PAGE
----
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    March 4, 1886

    “The Ostrogoths and the Visigoths. (Continued.)” The Signs of the Times 12, 9, p. 132.

    “THE scarcity of facts, and the uncertainty of dates, oppose our attempts to describe the circumstances of the first invasion of Italy by the arms of Alaric. His march, perhaps from Thessalonica, through the warlike and hostile country of Pannonia, as far as the foot of the Julian Alps [A.D. 400-403]; his passage of those mountains, which were strongly guarded by troops and intrenchments; the siege of Aquileia, and the conquest of the provinces of Istria and Venetia, appear to have employed a considerable time. Unless his operations were extremely cautious and slow, the length of the interval would suggest a probable suspicion, that the Gothic king retreated towards the banks of the Danube; and re-enforced his army with fresh swarms of barbarians, before he again attempted to penetrate into the heart of Italy. Since the public and important events escape the diligence of the historian, he may amuse himself with contemplating, for a moment, the influence of the arms of Alaric on the fortunes of two obscure individuals, a presbyter of Aquileia and a husbandman of Verona. The learned Rufinus, who was summoned by his enemies to appear before a Roman synod, wisely preferred the dangers of a besieged city; and the barbarians, who furiously shook the walls of Aquileia, might save him from the cruel sentence of another heretic, who, at the request of the same bishops, was severely whipped, and condemned to perpetual exile on a desert island.SITI March 4, 1886, page 132.1

    “The old man, who had passed his simple and innocent life in the neighborhood of Verona, was a stranger to the quarrels both of kings and of bishops; his pleasures, his desires, his knowledge, were confined within the little circle of his paternal farm; and a staff supported his aged steps, on the same ground where he had sported in his infancy. Yet even this humble and rustic felicity (which Claudian describes with so much truth and feeling) was still exposed to the undistinguishing rage of war. His trees, his old contemporary trees, must blaze in the conflagration of the whole country; a detachment of Gothic cavalry might sweep away his cottage and his family; and the power of Alaric could destroy this happiness, which he was not able either to taste or to bestow. ‘Fame,’ says the poet, ‘encircling with terror her gloomy wings, proclaimed the march of the barbarian army, and filled Italy with consternation;’ the apprehensions of each individual were increased in just proportion to the measure of his fortune; and the most timid, who had already embarked their valuable effects, meditated their escape to the Island of Sicily, or the African coast. The public distress was aggravated by the fears and reproaches of superstition. Every hour produced some horrid tale of strange and portentous accidents; the Pagans deplored the neglect of omens, and the interruption of sacrifices; but the Christians still derived some comfort from the powerful intercession of the saints and martyrs.SITI March 4, 1886, page 132.2

    “The emperor Honorius was distinguished, above his subjects, by the preeminence of fear, as well as of rank. The pride and luxury in which he was educated, had not allowed him to suspect, that there existed on the earth any power presumptuous enough to invade the repose of the successor of Augustus. The arts of flattery concealed the impending danger, till Alaric approached the palace of Milan. But when the sound of war had awakened the young emperor, instead of flying to arms with the spirit, or even the rashness, of his age, he eagerly listened to those timid counselors, who proposed to convey his sacred person, and his faithful attendants, to some secure and distant station in the provinces of Gaul [A.D. 403]. Stilicho alone had courage and authority to resist his disgraceful measure, which would have abandoned Rome and Italy to the barbarians; but as the troops of the palace had been lately detached to the Rhetian frontier, and as the resource of new levies was slow and precarious, the general of the West could only promise, that if the court of Milan would maintain their ground during his absence, he would soon return with an army equal to the encounter of the Gothic king.SITI March 4, 1886, page 132.3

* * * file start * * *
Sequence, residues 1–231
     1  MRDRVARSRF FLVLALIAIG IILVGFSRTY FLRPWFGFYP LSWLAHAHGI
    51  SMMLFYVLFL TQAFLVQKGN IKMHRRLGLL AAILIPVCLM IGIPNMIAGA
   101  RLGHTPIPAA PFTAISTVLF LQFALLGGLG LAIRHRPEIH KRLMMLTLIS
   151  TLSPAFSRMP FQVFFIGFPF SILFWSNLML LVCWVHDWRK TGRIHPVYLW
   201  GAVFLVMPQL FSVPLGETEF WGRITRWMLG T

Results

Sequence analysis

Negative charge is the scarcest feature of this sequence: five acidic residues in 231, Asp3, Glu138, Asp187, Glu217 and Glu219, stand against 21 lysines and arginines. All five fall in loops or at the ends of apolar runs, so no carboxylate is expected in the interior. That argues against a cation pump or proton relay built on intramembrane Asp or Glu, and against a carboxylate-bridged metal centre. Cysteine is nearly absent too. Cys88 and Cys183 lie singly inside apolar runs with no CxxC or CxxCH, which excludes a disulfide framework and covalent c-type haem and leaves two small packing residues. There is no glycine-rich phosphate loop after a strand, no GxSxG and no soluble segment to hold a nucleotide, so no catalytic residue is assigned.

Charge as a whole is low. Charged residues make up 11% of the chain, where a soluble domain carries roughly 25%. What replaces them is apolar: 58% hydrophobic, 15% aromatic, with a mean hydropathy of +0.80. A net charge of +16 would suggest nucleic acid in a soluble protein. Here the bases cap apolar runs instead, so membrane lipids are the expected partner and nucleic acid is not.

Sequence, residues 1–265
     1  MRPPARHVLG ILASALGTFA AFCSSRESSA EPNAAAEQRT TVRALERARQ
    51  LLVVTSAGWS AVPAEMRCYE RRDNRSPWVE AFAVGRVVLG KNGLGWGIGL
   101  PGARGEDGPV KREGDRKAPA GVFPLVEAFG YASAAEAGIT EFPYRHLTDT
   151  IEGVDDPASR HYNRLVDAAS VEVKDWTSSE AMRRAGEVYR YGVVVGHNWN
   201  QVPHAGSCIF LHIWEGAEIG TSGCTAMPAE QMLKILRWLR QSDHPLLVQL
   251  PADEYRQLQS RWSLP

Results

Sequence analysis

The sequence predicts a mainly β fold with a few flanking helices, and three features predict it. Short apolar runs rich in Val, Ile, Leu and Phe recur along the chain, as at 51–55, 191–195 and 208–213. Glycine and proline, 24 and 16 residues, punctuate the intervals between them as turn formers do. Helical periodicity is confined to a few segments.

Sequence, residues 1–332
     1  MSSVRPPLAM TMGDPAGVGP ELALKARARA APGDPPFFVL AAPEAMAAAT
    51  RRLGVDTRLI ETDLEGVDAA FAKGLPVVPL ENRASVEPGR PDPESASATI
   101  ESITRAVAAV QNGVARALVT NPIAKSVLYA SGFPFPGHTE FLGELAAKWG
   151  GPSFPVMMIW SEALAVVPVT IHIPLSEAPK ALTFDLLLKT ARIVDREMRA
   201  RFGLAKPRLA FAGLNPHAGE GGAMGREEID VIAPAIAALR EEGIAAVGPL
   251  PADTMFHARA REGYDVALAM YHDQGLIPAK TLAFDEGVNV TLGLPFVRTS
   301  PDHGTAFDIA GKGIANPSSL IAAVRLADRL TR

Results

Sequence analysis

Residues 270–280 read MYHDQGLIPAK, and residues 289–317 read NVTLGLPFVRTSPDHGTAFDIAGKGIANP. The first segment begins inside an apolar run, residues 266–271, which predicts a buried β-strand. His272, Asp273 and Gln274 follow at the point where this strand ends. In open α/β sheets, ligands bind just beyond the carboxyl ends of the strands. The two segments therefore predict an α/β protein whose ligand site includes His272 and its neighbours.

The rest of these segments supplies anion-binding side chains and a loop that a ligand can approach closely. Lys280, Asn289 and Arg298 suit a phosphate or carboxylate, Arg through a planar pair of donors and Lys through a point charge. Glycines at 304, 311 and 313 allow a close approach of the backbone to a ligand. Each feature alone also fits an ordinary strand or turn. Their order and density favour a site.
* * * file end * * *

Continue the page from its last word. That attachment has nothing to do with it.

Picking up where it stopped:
“Without losing a moment, (while each moment was so important to the public safety), Stilicho hastily embarked on the Larian Lake, ascended the mountains of ice and snow, amidst the severity of an Alpine winter, and suddenly repressed, by his unexpected presence, the enemy, who had disturbed the tranquillity of Rhetia. The barbarians, perhaps some tribes of the Alemanni, respected the firmness of a chief, who still assumed the language of command; and the choice which he condescended to make, of a select number of their bravest youth, was considered as a mark of his esteem and favor. The cohorts, who were delivered from the neighboring foe, diligently repaired to the Imperial standard; and Stilicho issued his orders to the most remote troops of the West, to advance, by rapid marches, to the defense of Honorius and of Italy. The fortresses of the Rhine were abandoned; and the safety of Gaul was protected only by the faith of the Germans, and the ancient terror of the Roman name. Even the legion, which had been stationed to guard the wall of Britain against the Caledonians of the North, was hastily recalled; and a numerous body of the cavalry of the Alani was persuaded to engage in the service of the emperor, who anxiously expected the return of his general. The prudence and vigor of Stilicho were conspicuous on this occasion, which revealed, at the same time, the weakness of the falling empire. The legions of Rome, which had long since languished in the gradual decay of discipline and courage, were exterminated by the Gothic and civil wars; and it was found impossible, without exhausting and exposing the provinces, to assemble an army for the defense of Italy.SITI March 4, 1886, page 132.4